Paracetamol no better than placebo for low back pain, study finds

Paracetamol, a painkiller universally recommended to treat people with acute low back pain, does not speed recovery or reduce pain from the condition, according to the results of a large trial published on Thursday.

A study published in The Lancet medical journal found that the popular pain medicine was no better than placebo, or dummy, pills for hastening recovery from acute bouts of low back pain or easing pain levels, function, sleep or quality of life.

Researchers said the findings challenge the universal endorsement of paracetamol as the first choice painkiller for lower back pain.

"We need to reconsider the universal recommendation to provide paracetamol as a first-line treatment," said Christopher Williams, who led the study at the University of Sydney in Australia.

Lower back pain is the leading cause of disability worldwide. In the United States alone, costs relating to the condition are estimated to be more than $100 billion a year.

Currently, every back pain treatment guideline in the world recommends paracetamol as the first-line analgesic and Williams said this was despite the fact that no previous studies have provided robust evidence that it works in this condition.

Tim Salomons, a pain expert at Britain's University of Reading whose own research has found that cognitive behavioral therapy could be used to treat chronic pain, said this latest study showed the challenge of treating the condition.

"It is vitally important we continuously challenge conventional wisdom about treating pain," he said in an emailed comment. "Even though paracetamol has a good safety profile, every drug has side effects. If the drug is not doing what it is being prescribed to do, pain patients might be better off without."

In Williams' trial, 1,652 people from Sydney with acute low back pain were randomly assigned to receive up to four weeks of paracetamol, either in regular doses three times a day, or as needed, or to receive placebos. All those involved received advice and reassurance and were followed up for three months.

The results showed no difference in the number of days to recovery between the treatment groups - with the average time to recovery coming out at 17 days for each of the groups given paracetamol, and at 16 days for the placebo group.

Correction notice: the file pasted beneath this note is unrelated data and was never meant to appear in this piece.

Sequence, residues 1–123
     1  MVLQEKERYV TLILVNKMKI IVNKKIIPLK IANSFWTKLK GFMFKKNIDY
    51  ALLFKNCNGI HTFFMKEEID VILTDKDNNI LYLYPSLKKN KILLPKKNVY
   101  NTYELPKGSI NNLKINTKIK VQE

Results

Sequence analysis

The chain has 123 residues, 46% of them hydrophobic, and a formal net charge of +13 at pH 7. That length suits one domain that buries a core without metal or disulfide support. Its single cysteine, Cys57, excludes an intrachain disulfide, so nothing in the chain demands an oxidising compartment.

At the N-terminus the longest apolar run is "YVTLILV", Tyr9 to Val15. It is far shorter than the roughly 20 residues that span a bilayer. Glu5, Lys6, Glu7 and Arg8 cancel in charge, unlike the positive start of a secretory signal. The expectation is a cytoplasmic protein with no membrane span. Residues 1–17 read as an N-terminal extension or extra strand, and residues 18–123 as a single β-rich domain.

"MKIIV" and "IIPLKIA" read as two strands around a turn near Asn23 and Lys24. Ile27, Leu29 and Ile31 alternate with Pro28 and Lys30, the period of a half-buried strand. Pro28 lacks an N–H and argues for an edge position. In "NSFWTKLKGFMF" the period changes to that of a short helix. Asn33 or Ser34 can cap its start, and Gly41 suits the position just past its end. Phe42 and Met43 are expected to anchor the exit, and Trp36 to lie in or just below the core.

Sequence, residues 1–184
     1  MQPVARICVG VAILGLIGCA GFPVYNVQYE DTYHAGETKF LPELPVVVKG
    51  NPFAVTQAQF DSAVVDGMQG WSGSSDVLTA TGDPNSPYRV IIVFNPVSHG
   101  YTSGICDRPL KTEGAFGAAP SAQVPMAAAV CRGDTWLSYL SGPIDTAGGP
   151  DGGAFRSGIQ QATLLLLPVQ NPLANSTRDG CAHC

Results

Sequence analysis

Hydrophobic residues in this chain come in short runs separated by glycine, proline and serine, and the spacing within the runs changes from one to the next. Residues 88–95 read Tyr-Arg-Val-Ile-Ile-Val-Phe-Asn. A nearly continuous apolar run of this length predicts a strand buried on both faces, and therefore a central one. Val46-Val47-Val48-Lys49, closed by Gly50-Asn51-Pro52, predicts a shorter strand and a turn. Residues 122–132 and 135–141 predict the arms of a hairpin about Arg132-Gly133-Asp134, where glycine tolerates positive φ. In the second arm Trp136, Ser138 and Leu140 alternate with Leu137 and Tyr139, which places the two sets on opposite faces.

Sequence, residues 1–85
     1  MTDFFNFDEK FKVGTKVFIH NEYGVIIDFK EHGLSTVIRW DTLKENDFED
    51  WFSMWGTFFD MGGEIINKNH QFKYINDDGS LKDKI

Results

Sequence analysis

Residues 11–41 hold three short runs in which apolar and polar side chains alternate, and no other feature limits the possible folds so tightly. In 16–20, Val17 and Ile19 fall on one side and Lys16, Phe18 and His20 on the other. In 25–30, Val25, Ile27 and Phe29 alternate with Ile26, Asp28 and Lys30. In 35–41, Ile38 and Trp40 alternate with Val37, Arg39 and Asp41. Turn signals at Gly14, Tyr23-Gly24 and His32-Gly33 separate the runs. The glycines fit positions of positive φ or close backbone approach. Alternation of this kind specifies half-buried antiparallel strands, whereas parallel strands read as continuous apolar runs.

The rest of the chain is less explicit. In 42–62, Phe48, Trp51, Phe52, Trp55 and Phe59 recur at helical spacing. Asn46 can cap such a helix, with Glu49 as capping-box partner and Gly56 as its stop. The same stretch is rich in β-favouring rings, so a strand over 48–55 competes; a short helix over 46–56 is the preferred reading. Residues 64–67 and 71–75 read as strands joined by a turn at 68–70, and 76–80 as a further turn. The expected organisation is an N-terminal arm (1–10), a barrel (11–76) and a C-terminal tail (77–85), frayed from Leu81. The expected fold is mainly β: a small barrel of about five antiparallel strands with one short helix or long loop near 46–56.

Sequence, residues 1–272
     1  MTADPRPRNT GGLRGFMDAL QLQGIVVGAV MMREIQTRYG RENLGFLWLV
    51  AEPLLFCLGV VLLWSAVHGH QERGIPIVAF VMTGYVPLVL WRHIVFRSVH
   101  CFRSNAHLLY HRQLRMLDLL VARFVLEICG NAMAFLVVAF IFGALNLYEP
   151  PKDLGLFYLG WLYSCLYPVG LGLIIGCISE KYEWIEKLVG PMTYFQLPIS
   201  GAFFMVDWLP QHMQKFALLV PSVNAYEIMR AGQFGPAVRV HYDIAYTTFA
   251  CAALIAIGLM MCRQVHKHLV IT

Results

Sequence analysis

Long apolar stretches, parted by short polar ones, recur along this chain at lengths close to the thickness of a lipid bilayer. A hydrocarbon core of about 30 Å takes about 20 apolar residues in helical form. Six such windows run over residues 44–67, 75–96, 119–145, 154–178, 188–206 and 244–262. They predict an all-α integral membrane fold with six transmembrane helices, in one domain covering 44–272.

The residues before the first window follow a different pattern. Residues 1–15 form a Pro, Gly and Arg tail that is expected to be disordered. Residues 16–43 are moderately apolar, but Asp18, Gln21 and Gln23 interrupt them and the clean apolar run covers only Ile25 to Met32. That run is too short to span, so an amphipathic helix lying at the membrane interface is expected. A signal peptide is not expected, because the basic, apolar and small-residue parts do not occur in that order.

Paracetamol had no effect on short-term pain levels, disability, function, sleep quality, or quality of life, the researchers said, and the number of patients reporting negative side effects was similar in all groups.

Christine Lin, an associate professor at the George Institute for Global Health and the University of Sydney who also worked on the study, said the reasons for paracetamol failing to work for lower back pain were not well understood.

"While we have shown that paracetamol does not speed recovery from acute back pain, there is evidence that paracetamol works to relieve pain for a range of other conditions, such as headaches, some acute musculoskeletal conditions, tooth ache and for pain straight after surgery," she said in a statement about the findings.

"What this study indicates is that the mechanisms of back pain are likely to be different from other pain conditions, and this is an area that we need to study more."

Experts who were not directly involved praised the study but cautioned that guidelines should nevertheless not be changed on the basis of a single piece of research.

"More robust and consistent evidence, including verification of the results in other populations, is needed," Bart Koes and Wendy Enthoven from the Erasmus Medical Centre in the Netherlands wrote in a Lancet commentary.

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They also called for more studies on whether other simple analgesics could add extra benefits on top of giving advice and reassurance to patients.

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(Editing by Robin Pomeroy and Catherine Evans)

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Researchers practice living on Mars - without leaving Earth

For the past four months, a team of researchers have been living in a mockup Mars habitat on a Hawaiian volcano practicing isolated living on the Red Planet.